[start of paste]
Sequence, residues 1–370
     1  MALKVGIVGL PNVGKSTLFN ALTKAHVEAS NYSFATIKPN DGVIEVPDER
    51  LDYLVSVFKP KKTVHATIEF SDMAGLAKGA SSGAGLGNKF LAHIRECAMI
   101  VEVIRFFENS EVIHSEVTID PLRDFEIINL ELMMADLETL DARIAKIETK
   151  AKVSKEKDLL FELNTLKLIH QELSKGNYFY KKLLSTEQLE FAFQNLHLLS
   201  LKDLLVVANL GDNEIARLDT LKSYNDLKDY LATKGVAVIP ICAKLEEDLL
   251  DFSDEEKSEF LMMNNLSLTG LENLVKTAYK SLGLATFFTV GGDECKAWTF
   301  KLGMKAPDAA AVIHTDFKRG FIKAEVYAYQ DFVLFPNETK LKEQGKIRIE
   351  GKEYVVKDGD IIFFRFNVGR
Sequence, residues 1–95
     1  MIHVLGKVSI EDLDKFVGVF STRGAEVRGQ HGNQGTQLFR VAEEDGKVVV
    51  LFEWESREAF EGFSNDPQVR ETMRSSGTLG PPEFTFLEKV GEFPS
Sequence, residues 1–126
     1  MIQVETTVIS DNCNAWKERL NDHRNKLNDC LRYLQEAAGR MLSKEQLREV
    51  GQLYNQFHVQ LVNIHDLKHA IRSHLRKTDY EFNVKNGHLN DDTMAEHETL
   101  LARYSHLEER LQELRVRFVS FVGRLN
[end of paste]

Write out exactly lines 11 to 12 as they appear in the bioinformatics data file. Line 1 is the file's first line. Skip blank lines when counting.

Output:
     1  MIHVLGKVSI EDLDKFVGVF STRGAEVRGQ HGNQGTQLFR VAEEDGKVVV
    51  LFEWESREAF EGFSNDPQVR ETMRSSGTLG PPEFTFLEKV GEFPS